When restricted to $0$-$1$ inputs, every $\{+,\times\}$-circuit $F(x_1,\ldots,x_n)$ computes some function $F:\{0,1\}^n\to \mathbb{N}$. To obtain a boolean function, we can just add one fanin-1 threshold gate as the output gate. On input $a\in\{0,1\}^n$, the resulting threshold $\{+,\times\}$-circuit then outputs $1$ if $F(a)\geq t$, and outputs $0$ if $F(a)\leq t-1$; the threshold $t=t_n$ can be any positive integer, which may dependent on $n$ but not on input values. The resulting circuit computes some (monotone) boolean function $F':\{0,1\}^n\to \{0,1\}$.

Question: Can threshold $\{+,\times\}$-circuits be efficiently simulated by $\{\lor,\land\}$-circuits?

Under "efficiently" I mean "with at most a polynomial increase of size." The answer is clear "yes" for threshold $t=1$: just replace $+$ by $\lor$, $\times$ by $\land$, and remove the last threshold gate. That is, $\{\lor,\land\}$-circuits are in fact threshold-$1$ $\{+,\times\}$-circuits. But what about larger thresholds, say, $t=2$?

One can define arithmetic analogues $\#C$ of most boolean circuit classes $C$ by just using $+$ instead of OR, $\times$ instead of AND, and $1-x_i$ instead of $\bar{x}_i$. For example, $\#AC^0$ circuits are $\{+,\times\}$-circuits of constant depth with unbounded fanin $+$ and $\times$ gates, and inputs $x_i$ and $1-x_i$. Agrawal, Allender and Datta have shown that threshold $\#AC^0$ = $TC^0$. (Recall that $AC^0$ itself is a proper subset of $TC^0$; take, say, the Majority function.) In other words, constant-depth threshold circuits can be efficiently simulated by constant-depth $\{+,-,\times\}$-circuits, with just a single threshold gate! Note, however, that my question is about monotone circuits (no Minus "$-$" as gates, and even no $1-x_i$ as inputs). Can one (last) threshold gate be so powerful also then? I don't know this stuff, so any related pointers are welcome.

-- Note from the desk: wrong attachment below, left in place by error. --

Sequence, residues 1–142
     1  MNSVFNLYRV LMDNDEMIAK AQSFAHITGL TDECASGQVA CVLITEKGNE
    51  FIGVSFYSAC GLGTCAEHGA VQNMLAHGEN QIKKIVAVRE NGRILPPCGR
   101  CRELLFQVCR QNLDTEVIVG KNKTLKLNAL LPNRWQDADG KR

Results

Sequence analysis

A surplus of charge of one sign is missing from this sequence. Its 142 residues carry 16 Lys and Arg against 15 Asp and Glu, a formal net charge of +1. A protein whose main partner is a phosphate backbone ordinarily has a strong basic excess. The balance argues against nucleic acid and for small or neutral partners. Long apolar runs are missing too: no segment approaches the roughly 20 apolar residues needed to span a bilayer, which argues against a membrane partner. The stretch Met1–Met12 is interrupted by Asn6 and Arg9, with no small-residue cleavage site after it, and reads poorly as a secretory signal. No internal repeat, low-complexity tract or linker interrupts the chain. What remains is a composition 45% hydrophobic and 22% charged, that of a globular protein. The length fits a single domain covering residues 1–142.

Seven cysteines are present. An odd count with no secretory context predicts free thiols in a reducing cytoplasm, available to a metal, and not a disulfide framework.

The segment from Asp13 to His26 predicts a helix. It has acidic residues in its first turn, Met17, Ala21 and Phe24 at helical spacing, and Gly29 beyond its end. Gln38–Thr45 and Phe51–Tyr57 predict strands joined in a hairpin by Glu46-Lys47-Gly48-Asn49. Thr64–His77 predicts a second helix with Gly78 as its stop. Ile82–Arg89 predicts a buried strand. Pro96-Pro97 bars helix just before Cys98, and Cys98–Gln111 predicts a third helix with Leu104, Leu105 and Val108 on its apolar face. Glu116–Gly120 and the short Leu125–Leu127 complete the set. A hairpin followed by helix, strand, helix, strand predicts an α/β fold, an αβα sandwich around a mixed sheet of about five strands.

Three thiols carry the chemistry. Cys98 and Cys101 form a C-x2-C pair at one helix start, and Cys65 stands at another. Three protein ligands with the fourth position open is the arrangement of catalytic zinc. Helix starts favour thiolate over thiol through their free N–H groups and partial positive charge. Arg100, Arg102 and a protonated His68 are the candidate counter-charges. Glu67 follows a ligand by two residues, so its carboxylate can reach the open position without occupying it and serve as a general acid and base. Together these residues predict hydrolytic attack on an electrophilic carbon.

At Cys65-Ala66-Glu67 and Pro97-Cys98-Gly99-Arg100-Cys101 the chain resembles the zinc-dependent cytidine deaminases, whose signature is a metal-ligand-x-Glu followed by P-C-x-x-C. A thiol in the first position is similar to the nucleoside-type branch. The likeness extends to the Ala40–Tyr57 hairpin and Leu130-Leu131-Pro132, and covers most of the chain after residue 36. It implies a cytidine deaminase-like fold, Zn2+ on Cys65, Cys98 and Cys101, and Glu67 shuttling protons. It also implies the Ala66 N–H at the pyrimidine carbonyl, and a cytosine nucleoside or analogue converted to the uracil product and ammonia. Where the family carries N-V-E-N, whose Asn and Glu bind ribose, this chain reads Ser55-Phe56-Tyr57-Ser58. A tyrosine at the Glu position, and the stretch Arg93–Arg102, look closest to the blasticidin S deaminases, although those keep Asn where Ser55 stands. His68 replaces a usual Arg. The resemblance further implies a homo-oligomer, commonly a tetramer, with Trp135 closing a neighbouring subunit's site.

N.B. There is yet another interesting related result due to Arnold Rosenbloom: $\{+,\times\}$-circuits with just one monotone function $g:\mathbb{N}^2\to\{0,1\}$ as output gate can compute every slice function with $O(n)$ gates. A slice function is a monotone boolean function which, for some fixed $k$, outputs $0$ (resp. $1$) on all inputs with less (resp., more) than $k$ ones. On the other hand, easy counting shows that most slice functions require general $\{\lor,\land,\neg\}$-circuits of exponential size. Thus, one "innocent" additional output gate can make monotone circuits omnipotent! My question asks whether this can also happen when $g:\mathbb{N}\to\{0,1\}$ is a fanin-$1$ threshold gate.

ACTUALIZATION (added 03.11.2014): Emil Jeřábek has shown (via an amazingly simple construction, see his answer below) that the answer is "yes" as long as $t\leq n^c$ for a constant $c$. So, the question remains open only for super-polynomial (in $n$) thresholds.

Usually, in applications, only large thresholds do work: we usually need thresholds of the form $2^{n^{\epsilon}}$ for $\epsilon > 0$. Say, if $F:\{0,1\}^n\to \mathbb{N}$ counts the number of $s$-$t$ paths in graph specified by the $0$-$1$ input, then for $t=m^{m^2}$ with $m\approx n^{1/3}$, the threshold-$t$ version of $F$ solves the existence of a Hamiltonian $s$-$t$ path problem on $m$-vertex graphs (see, e.g. here).